Lung Infection

Anya’s had this lingering cough for the past few months; she described it to me as if it were something stuck in her lungs that she just couldn’t get out.  Last Tuesday/Wednesday, it worsened to the point where she was wheezing in her sleep.  I could hear it.  It definitely wasn’t normal.  It was like a gurgling sound.  Both of us barely slept Monday and Tuesday nights.

On Wednesday morning, Anya decided that it was probably time to make a trip to the hospital to get a “tune up”, as she called it.  She called the transplant center, told them that she was coming in and to get a room ready for her.

Since I’ve known Anya, I think this is the fourth time, post-transplant (June 2008) that she’s been hospitalized with a lung infection.  The doctors say that infection and rejection are the two things that are most important when dealing with a transplant patient.  I’m glad that she decided to make the trip to the hospital because the doctor said that the amount of mucus in her lungs was the worst that she’s ever seen, in anyone.

The docs were able to schedule an emergency bronchoscopy on Thursday morning…roughly 24 hours after arriving to the hospital.  It normally takes 2-3 weeks to schedule one of these things, and the fact that they were able to do it the day before a major holiday…we can’t thank the doctors at inova fairfax enough.

We’re still at the hospital today.  Anya’s feeling much better, as expected.  She doesn’t have as much of that gunk in her lungs as she did last week.  They’ve been giving her a heavy dose of antibiotics (Meropenem, Zyvox, Valcyte, and now, Cipro & Maxipime).  The idea is to use antibiotics to kill any and all bacterial & fungal infections in her lungs.  The bacterial infections usually show up in the bronchoscopy results 24-48 hours after the procedure.  They told us that no bacterial infections are present yet, which is a good thing.  The fungal infection results normally takes about 7 days to about 3 weeks, so we’re still waiting on the results of that.  Regardless of what’s growing out, they normally start the antibiotics immediately after the patient gets admitted to the hospital.  Then, they’ll change the drugs based on the type of fungal infections that’s growing.  So, that’s kinda what we’re waiting for now.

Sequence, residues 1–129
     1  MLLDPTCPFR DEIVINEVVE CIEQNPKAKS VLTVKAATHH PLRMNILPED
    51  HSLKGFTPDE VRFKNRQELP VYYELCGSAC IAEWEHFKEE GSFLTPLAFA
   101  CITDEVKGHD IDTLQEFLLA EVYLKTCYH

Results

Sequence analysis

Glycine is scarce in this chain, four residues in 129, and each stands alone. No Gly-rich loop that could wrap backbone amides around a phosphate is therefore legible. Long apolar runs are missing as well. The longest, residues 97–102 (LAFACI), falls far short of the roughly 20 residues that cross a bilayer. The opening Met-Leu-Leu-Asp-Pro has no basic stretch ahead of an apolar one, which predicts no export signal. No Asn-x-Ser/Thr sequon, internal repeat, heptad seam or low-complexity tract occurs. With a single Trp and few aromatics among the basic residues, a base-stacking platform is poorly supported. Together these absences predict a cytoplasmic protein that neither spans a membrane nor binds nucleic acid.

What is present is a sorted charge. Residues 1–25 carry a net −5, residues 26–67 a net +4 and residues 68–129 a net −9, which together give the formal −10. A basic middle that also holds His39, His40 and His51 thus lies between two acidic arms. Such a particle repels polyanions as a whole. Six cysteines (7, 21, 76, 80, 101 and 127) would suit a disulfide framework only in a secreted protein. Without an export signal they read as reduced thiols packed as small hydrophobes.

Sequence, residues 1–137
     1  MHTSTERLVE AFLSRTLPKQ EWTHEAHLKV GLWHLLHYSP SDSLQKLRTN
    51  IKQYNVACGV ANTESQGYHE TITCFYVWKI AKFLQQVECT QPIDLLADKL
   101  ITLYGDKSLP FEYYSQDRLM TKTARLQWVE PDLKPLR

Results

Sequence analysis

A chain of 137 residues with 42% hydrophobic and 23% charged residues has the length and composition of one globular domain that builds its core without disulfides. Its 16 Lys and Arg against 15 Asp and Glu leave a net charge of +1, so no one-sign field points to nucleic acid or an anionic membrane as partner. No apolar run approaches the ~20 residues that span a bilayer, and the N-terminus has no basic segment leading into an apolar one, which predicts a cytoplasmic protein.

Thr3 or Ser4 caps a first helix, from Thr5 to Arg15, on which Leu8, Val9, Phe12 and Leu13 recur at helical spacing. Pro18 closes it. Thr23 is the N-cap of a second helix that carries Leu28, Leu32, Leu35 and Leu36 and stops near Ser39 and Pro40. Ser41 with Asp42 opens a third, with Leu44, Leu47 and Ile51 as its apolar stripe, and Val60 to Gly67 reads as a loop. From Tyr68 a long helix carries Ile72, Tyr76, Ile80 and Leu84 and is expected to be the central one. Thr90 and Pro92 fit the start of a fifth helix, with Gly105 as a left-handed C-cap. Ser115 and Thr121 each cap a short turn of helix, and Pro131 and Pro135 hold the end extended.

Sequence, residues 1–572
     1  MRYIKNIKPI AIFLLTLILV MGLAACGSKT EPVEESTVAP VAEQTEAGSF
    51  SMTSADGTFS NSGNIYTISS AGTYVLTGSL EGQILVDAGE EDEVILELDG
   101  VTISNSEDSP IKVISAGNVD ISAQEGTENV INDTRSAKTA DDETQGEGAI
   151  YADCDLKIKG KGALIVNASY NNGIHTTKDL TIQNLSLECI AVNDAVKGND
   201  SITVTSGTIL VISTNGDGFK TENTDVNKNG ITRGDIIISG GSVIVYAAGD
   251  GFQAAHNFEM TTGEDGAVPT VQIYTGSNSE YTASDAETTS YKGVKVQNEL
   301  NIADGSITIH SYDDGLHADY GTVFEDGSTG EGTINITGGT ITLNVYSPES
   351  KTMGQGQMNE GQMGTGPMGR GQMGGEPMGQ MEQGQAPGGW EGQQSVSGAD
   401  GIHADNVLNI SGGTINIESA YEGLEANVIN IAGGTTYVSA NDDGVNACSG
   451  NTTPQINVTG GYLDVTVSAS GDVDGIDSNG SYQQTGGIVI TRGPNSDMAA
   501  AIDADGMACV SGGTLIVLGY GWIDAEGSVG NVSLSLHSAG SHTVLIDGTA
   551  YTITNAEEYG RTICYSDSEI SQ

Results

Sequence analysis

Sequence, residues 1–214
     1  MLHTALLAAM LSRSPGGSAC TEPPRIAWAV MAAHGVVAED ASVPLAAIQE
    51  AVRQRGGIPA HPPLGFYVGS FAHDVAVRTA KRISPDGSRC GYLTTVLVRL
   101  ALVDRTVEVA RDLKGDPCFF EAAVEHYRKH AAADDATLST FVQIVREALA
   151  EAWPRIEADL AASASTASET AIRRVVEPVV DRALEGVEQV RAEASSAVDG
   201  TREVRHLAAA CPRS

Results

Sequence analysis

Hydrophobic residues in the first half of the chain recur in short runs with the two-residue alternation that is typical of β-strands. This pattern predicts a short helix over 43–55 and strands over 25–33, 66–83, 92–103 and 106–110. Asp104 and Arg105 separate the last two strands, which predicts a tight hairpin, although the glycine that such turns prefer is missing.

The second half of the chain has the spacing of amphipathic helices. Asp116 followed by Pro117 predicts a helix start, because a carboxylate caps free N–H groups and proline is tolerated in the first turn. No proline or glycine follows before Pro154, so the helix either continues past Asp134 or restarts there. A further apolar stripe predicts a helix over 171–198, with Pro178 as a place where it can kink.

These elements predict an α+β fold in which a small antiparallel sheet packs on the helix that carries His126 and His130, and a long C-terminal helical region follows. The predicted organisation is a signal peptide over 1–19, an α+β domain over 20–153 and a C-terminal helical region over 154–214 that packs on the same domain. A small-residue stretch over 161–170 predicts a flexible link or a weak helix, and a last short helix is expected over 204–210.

It’s been five days since Anya got admitted.  All of Anya’s parents are in town.  They’ve been tremendous support for her, and great help to us with taking care of random things while Anya’s been in the hospital.  Thanks to them for that.

Even though we were here for the July 4th holiday, we were lucky enough to see the fireworks from our “hotel” room:

Fireworks from "hotel" room July 4, 2014

Fireworks from “hotel” room July 4, 2014

Anya’s step-dad, Roger, joked that he’s already booked the same room for next year.  Umm…I was thinking maybe a hotel without the name “hospital” in it.

 

2 thoughts on “Lung Infection

  1. Anya, I know you are fighting this like the girl we know. Hope and pray for a recovery soon. You stay in my heart and prayers. My best to Michael and your folks. Love, Sis

Leave a Reply

Your email address will not be published. Required fields are marked *